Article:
First, the echocardiogram, nothing had changed since the one I had in the Spring for unrelated reasons.  My heart is good.  I have mild regurgitation in my mitral valve, but that doesn't seem enough to call it mitral valve prolapse.

And then there's the CT scan.  Geoff and I were holding our breath.  I don't know if I'd really given you a sense of the liver tumours I had.  This CT scan described them as "innumerable."  That's not great on its own, but the rest of the news is.  There were a couple of large tumours that had been measured last time.  One of them went from 4" by 3.6" down to 3" by 1".  That is a major change!  Another went from 1" down to 0.35".  In the words of the CT report, there is, "marked interval [since last test] improvement in hepatic [liver] metastases  consistent with partial response [to the chemo treatment]. No new metastatic disease is seen inter-abdominal [No mets in other abdominal organs]."

They also said that the fractured pubic bones are healing on both sides of the body.  And I had been told the break was only on one side.  I also learned there are fractured ribs; I can feel them, now that I know they are there.  That explains the shortness of breath.

I have to laugh at they way they write the report.  It's by body part or organ.  For example:

"Lungs:There is no interval development of bilateral subsegmental atelectasis [collapse of the lungs] with no consolidation or suspicious pulmonary nodules." In my own words: blah, blah, blah, no cancer in the lungs, yay!

"Heart: Grossly unremarkable. ..."  Hmm, I suspect some of you would disagree.  On the plus side, what it means is that there is no cancer in my heart, which is very good news.

I won't go into detail about the bone metastases, since the CT scan isn't the best test to measure them.  We know they're there and there are a lot of them.  'nuf said.

This is very good news for us.  Geoff was visibly relieved during the appointment, thank goodness.  Personally, I thank God for the good news.  I know the doctors did an awful lot: choosing the right chemo is important, as is radiating the right spots.  After that, prayer makes the difference in the end.  So thank you all for your prayers and good wishes.

My oncologist says there's good reason to be optimistic this disease can be managed for many, many years.  That's what we're looking for.  Many, many years.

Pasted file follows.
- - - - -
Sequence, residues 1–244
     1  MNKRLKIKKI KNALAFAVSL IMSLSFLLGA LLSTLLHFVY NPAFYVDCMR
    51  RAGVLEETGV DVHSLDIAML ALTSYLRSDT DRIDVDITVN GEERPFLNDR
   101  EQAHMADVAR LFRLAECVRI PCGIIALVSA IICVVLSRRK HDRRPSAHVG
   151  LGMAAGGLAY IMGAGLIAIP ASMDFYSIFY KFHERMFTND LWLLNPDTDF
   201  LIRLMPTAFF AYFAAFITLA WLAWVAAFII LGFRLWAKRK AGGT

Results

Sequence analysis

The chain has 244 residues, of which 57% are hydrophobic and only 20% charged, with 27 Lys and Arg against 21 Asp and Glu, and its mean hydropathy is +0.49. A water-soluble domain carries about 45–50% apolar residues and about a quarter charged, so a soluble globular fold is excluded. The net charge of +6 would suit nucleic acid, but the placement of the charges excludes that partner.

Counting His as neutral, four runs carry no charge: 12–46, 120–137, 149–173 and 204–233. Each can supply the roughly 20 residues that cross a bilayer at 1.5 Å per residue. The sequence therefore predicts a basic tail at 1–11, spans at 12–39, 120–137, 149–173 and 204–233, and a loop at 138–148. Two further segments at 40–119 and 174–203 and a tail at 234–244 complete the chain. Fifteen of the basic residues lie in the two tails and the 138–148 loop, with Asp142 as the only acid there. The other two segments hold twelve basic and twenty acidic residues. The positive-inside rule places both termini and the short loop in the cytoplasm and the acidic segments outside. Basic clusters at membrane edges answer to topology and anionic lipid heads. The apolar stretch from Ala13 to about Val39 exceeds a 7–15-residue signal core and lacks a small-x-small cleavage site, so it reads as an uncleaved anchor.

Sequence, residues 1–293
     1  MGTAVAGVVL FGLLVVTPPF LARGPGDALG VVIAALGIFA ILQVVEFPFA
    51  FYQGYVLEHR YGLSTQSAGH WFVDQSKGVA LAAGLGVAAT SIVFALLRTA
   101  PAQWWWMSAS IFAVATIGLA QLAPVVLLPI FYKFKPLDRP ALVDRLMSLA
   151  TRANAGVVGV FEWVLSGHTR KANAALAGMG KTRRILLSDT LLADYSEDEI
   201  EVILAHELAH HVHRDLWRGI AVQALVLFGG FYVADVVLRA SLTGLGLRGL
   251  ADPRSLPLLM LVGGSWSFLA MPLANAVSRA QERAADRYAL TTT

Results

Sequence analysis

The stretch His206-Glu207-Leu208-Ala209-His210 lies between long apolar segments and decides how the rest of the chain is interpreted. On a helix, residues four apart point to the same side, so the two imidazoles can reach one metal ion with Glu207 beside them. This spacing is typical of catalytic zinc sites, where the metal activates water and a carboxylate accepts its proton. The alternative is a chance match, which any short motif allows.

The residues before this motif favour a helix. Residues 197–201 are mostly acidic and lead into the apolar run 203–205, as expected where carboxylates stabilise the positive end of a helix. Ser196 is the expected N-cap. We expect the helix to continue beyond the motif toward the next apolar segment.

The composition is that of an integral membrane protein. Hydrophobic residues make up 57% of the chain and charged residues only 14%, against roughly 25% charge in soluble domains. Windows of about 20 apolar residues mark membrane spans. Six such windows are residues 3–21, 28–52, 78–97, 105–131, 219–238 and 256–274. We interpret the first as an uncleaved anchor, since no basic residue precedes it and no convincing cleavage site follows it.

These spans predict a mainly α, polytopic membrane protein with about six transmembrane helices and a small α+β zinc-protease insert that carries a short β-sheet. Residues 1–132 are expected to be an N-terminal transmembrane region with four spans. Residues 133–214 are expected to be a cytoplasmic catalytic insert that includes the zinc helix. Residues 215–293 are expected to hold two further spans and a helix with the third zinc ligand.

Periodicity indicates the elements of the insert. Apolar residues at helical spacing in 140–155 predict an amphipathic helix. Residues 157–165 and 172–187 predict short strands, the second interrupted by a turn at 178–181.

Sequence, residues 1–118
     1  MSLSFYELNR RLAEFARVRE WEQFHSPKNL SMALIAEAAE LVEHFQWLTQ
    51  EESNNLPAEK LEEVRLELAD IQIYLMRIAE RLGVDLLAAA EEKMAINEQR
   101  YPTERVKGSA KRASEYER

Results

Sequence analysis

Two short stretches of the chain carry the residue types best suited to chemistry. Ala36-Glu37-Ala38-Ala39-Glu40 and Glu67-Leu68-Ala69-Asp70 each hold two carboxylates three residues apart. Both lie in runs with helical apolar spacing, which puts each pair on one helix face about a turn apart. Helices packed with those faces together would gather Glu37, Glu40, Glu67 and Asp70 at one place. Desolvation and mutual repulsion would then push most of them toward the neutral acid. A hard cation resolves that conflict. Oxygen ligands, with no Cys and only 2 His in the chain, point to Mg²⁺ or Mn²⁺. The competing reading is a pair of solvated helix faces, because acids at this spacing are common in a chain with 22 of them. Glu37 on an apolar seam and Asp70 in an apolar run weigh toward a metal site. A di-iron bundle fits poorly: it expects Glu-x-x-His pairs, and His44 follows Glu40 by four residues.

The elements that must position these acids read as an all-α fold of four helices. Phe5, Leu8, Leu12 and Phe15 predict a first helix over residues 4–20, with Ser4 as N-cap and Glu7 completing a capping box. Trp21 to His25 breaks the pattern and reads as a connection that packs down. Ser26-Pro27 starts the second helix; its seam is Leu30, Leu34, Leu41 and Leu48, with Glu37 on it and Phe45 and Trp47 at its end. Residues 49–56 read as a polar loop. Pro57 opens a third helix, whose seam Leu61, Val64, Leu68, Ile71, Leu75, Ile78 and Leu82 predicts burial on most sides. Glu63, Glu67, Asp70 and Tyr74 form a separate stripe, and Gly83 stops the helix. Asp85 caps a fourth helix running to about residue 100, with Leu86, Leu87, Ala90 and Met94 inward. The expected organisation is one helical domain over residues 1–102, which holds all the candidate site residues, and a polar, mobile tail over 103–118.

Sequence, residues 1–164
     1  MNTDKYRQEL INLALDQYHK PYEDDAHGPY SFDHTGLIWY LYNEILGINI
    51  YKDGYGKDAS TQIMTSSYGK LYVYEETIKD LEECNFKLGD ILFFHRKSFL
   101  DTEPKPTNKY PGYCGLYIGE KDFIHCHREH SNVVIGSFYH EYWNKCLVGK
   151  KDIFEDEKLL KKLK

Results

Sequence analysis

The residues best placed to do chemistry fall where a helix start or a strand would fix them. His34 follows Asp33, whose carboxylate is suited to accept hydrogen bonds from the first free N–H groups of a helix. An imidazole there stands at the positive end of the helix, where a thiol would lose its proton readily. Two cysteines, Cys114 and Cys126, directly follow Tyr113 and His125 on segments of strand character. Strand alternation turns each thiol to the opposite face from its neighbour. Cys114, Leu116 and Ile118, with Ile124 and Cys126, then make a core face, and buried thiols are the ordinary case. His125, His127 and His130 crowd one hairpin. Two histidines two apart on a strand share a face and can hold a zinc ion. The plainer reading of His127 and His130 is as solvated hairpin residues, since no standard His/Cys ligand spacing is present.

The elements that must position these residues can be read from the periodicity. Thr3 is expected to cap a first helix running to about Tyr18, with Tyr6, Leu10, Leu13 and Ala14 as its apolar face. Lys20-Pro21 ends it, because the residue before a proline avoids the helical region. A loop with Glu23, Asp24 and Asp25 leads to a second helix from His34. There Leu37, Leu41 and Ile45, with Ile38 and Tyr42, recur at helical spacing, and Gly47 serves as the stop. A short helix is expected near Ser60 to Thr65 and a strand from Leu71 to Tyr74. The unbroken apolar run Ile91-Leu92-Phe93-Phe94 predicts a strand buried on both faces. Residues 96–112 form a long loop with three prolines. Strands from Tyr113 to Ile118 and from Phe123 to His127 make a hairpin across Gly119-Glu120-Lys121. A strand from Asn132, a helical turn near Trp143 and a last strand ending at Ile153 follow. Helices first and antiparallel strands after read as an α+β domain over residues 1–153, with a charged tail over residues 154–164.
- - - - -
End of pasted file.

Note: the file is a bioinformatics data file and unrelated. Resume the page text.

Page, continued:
p.s. Strangely, this CT didn't measure the breast lump.  Could it not see it?  We can't feel it.

Tuesday, 17 January 2012

Wish Me Luck: Oncology Appointment & Test Results

Tomorrow I'm meeting with my oncologist.  At least, I hope it's my oncologist; often it's one of the GPs that assists him.  They are very good, but I want to see the big guy.  Particularly this time.  Last week I had an echocardiogram and a CT scan and I will have blood tests done just before the oncology appointment.  I really want my oncologist to give me the results, particularly if it means he's going to change my treatment plan.  As his nurse suggested at my last appointment, I will call her and remind her that I'd like to see the big guy; she'll do her best.

The echocardiogram was to check my heart health, because herceptin treatment is tough on the heart.  I know that the chemo treatment caused me to have high blood pressure, which is being treated effectively with metoprolol.  The CT scan looked at my breasts, abdomen and pelvis.  It should tell me the size of the breast and liver tumours.  I hope the CT scan will also tell us how well my broken pelvis is healing.  It's feeling better every day, as far as I can tell.  But I'd like a second opinion.  The blood tests, together with the others will decide whether I have chemo on Friday or not.  I need to have sufficiently good results in a number of areas, such as my blood count and calcium levels.

Like I said, my pelvis seems much improved, and I've told you that the breast tumour has shrunk quite a bit.  But I am worried about the one-month break from chemo as a result of my hospitalization in November.  I know that radiation was working on killing cancers in my lower spine and pelvis at that time, but how much was cancer growing in other areas over that period of time.  What will the CT results tell us?  Do I have less cancer or more?  Are my tumours bigger or smaller?  Are there new ones or did some disappear?